Old School Tech

Ada Lovelace Day: Support Matters

Transient

Ada Lovelace (1815 - 1852) is widely regarded as the world's first computer programmer, and this was in the 1840s! From today's Washington Post: 

Lovelace's friend Charles Babbage designed a concept for a machine he called the "Analytical Engine" -- essentially a mechanical computer that would have relied on punch cards to run programs. He recruited Lovelace to translate some notes from one of his lectures, but while Lovelace was translating she added to the notes herself. The notes grew to  three times their original length, as Lovelace described what many call the first computer program. Because of funding issues, the machine was not built during her and Babbage's lifetimes. But Lovelace's published article on the Analytical Engine later became a source of inspiration for Alan Turing’s work to build the first modern computers in the 1940s.
There are several articles and websites celebrating Ada Lovelace day. I found a particularly interesting article in Australian Science, which speaks about two other women in STEM with different support structures. Nobel Prize winner Marie Curie was encouraged to study by her father, grandfather, and husband.  Unfortunately, Clara Immerwahr lacked the same level of support, even though she was the first woman to get a Ph.D. from the University of Breslau. In fact, her husband Fritz Haber was involved with developing poison gas for use in World War 1. From the article:

Immerwahr was repulsed by Haber’s growing obsession with the development of poison gas. She confronted him numerous times but her pleas fell on deaf ears. On May 2nd 1915, she quarreled violently with Haber when she found out that he had come home for just the night and was leaving again in the morning to direct more poison gas attacks on the Eastern front. In the early hours of the morning, Immerwahr walked into the garden with Haber’s army pistol and shot herself in the chest. Haber of course did not let this inconvenience him, and left as planned the next morning without even making any funeral arrangements.

Support systems make a difference. It's critical that everyone within science feels supported, especially underrepresented folks that face additional pressures. To read more about Curie and Immerwahr, check out the Australian Science article here.

NASA Shut Down, But We Still Celebrate 55 Years

(Editors Note: Most of the NASA links are inactive because of the government shutdown. Yay Congress.) 

In the midst of the Cold War, the US government created NASA in 1958 to gain an edge in space exploration. It was partially a defensive move agains the Soviet launch of the first Earth satellite, Sputnik, in 1957.  NASA superseded the existing National Advisory Committee for Aeronautics (NACA), which was formed in 1915 to pursue aeronautical research.

In the past 55 years, NASA has grown beyond its iniitial goals to be part of a global initative in support of space travel and harnessing its benefits for Earth. Check out the following infographic to get a sense of accomplishments as well as future endeavours. My hope is that this blog will be around long enough to cover each of the "things to come"! For more info, click on the infographic or visit this site.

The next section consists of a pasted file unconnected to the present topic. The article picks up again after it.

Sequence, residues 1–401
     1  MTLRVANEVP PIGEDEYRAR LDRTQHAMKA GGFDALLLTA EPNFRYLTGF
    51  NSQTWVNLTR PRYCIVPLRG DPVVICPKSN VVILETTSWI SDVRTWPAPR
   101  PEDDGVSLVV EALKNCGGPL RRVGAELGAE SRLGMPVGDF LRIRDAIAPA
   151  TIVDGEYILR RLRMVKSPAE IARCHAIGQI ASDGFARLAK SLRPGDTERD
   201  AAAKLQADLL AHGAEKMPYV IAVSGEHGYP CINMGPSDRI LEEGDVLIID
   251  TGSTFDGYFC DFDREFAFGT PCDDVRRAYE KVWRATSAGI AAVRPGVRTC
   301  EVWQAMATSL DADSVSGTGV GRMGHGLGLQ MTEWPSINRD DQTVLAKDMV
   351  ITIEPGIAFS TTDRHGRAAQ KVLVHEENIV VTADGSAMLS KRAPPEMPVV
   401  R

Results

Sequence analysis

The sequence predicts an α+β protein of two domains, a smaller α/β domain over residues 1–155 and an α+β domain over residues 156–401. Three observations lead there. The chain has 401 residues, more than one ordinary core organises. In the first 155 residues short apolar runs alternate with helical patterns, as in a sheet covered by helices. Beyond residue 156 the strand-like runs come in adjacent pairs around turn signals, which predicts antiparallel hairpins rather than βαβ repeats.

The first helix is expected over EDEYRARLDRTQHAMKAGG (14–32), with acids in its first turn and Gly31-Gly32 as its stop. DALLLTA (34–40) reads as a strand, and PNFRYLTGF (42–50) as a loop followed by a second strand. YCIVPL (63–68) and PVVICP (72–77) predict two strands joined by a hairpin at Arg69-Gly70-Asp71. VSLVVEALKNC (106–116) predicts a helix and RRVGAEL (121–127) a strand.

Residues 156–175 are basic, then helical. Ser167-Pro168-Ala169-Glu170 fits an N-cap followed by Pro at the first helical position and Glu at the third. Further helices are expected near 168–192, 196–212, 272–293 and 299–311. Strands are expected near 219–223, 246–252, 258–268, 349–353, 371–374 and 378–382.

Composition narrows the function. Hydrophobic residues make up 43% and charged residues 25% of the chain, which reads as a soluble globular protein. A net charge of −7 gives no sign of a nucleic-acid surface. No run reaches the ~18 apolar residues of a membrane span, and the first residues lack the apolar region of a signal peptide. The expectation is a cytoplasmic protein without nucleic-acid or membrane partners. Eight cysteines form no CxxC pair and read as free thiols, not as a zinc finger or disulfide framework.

Some more detail is available on NASA's site:

We’ve sent 12 humans to walk and work on the moon, sent four rovers and four landers to explore Mars and sentVoyager into interstellar space.
We’ve studied our home planet, every other planet in the solar system, and the sun at the center of it all.
We’ve peered deep into the distant past of the universe with Great Observatories like HubbleSpitzer and Chandra.
We’ve built an International Space Station larger than a five-bedroom house and sent humans to live and work off the planet continuously since November 2000. 
We've flown 30 years of space shuttle missions to launch and repair Hubble, build the space station and perform science in Earth orbit.
We've developed experimental aircraft and tested technologies that make today's airplanes safer and greener
We’ve produced hundreds of innovations that enable current and future NASA missions and improve the daily lives of everyone on Earth, from life-saving medical technologies to advances in telecommunications, weather forecasting, robotics and emergency response.
There’s way too much to list it all … and we’re not done yet.
We plan to land humans on Mars in the 2030s. We're getting set to send MAVEN to Mars and OSIRIS-REx to an asteroid, and we'll be watching as Juno arrives at Jupiter and New Horizons arrives at Pluto. We’ll launch the James Webb Space Telescopeto follow Hubble in the quest to understand our universe, looking all the way back to the first luminous glows after the Big Bang.   We’ll continue looking at the home planet from our unique perspective in space, improving air travel and developing cutting-edge technologies for the benefit of all mankind.

Yeah They Still Work #4: '96 Tech

This is the latest post in my Yeah They Still Work (YTSW) series, where I review my old tech that still works and brings me joy.  

In December of 1996, I was a skinny, optimistic high school junior, ready to take on the world!  I kept one of my high school papers because I wrote a front page article and I'm a packrat. Little did I know that 17 years later, it would serve as a perfect time capsule for some of the technology of the day.

Check out the video below for a journey into the ridiculous TVs, CD players, and phones of the past! 

Forbidden Tech #6 - Fridges

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Forbidden Tech is my video series where I talk about pieces of technology that I was not allowed to have as a kid, scarring me forever. Check out the earlier Forbidden Tech videos here.

Why didn't my mom let me have a fridge has a kid? We investigate the case.  Check out the video! If you can't see the video below, click here.